Before PCAPS began, the team of U of U scientists met with some of the experts from the National Weather Service (NWS) here in SLC. We were curious as to what they considered to be the most pressing forecast challenge associated with Persistent Cold Air Pools (PCAPS). The onset of dense fog, particularly at the airport, was the unanimous reply.
Fog in some ways seems like an easy forecast issue. For fog to form the ambient air temperature must cool to its dew point, at which point water vapor is forced into condensate in the form of fog (or cloud) droplets. Alternatively, sufficient moisture can be added to air through evaporation from the ground (water vapor flux) or through evaporation from rain to bring the air to saturation. Easy right? In principal yes, in reality no.
Throughout much of IOP 1 the atmospheric boundary layer seemed continually on the verge of forming fog, and in fact on a few occasions the airport reported mist (which is basically thin fog), but no truly dense fog. In some ways the forecast question became "why isn't dense fog forming?", after all the air was nearly saturated, the ground was wet and cold with snow and melted snow, and overnight temperatures were within measurable accuracy of the dew point.
Things changed on Sunday Dec 5th.
Light rain fell on Saturday evening across the Salt Lake Valley and much of the northern Great Basin. As skies cleared behind the departing weak system and temperatures dropped, dense fogged formed over much of NW Utah and NE Nevada.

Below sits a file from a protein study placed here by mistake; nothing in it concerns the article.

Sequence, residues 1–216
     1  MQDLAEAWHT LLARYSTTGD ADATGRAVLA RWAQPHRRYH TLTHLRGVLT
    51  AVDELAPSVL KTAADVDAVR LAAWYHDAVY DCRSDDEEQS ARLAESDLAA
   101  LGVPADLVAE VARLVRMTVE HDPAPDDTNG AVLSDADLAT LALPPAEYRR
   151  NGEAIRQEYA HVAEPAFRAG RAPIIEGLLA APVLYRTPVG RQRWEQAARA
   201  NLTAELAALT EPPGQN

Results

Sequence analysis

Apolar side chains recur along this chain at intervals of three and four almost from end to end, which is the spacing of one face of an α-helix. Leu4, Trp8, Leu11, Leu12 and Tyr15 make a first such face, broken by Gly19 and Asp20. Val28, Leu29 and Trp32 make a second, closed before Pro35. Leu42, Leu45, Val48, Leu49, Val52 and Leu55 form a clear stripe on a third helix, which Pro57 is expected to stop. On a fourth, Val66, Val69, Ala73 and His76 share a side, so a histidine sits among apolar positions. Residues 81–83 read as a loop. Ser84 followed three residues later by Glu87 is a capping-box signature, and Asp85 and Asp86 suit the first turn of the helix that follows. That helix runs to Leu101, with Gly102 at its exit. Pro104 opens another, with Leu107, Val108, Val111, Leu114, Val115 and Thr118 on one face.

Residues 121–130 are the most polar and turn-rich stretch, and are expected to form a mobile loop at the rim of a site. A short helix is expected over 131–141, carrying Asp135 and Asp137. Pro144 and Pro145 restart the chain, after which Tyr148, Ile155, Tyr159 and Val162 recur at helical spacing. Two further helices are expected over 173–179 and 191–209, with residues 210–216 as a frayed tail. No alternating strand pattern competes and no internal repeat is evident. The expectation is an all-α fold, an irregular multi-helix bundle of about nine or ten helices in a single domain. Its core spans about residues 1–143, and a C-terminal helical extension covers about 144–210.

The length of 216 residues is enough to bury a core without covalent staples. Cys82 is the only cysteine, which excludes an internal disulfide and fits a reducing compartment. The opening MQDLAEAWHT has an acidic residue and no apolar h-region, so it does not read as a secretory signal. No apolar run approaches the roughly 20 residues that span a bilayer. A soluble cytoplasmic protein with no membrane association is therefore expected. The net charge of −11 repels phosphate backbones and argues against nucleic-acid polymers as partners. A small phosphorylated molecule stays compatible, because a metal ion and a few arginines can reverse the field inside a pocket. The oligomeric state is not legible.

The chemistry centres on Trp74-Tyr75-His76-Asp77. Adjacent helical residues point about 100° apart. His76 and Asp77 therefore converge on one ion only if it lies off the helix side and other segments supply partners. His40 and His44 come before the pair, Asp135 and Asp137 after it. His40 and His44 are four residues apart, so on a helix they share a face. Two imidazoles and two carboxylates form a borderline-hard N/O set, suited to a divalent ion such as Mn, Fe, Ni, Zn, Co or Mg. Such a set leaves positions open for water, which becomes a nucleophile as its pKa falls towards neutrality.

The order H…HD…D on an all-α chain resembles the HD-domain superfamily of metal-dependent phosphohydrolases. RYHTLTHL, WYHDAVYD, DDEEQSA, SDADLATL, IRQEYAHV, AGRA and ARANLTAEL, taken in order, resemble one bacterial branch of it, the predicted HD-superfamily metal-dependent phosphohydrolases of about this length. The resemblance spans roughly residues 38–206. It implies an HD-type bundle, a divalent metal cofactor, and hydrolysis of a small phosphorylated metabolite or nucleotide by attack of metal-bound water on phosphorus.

However, dense fog did not form within the Salt Lake Valley. There were some areas of mist overnight and in the morning, but nothing like what was seen over the west desert. Why? I have no clue. Something to do with the urban environment? maybe there were more clouds overnight due to the proximal Wasatch Range? Very tough to say.
Despite the lack of in situ fog production, SLC would not remain fog free for long! With strong differential daytime heating between fog covered areas and the sunnier Salt Lake Valley organized northerly flow developed which would soon advect a 'fog front' from our west and north into the valley. The airport was the first to see its arrival, which was marked by visibilty plummeting from 2 miles (haze and mist) to less than 1/8 of a mile which caused numerous delayed flights. By early afternoon downtown Salt Lake disappeared into the murky ground based cloud. A ragged boundary of fog continued to progress south through the valley throughout the afternoon, with all of the valley eventually 'going under' by dark. Visibility was minimal, and may even have played a major role in the crash of a small aircraft attempting to land near Ogden.
What tipped the scales to allow for dense fog versus thin mist? Was the precipitation contribution of moisture to the cold pool the straw that broke the camels back? What role did the melting snow play in both forming and maintaining the fog? And why did the Salt Lake valley behave so differently?
It is tough to draw any conclusion as of yet, but fortunately PCAPS has two phases: 1.) observing and 2.) analysis. The analysis of the data we collect now will be ongoing for years to come, and perhaps we'll be able to answer some of these questions.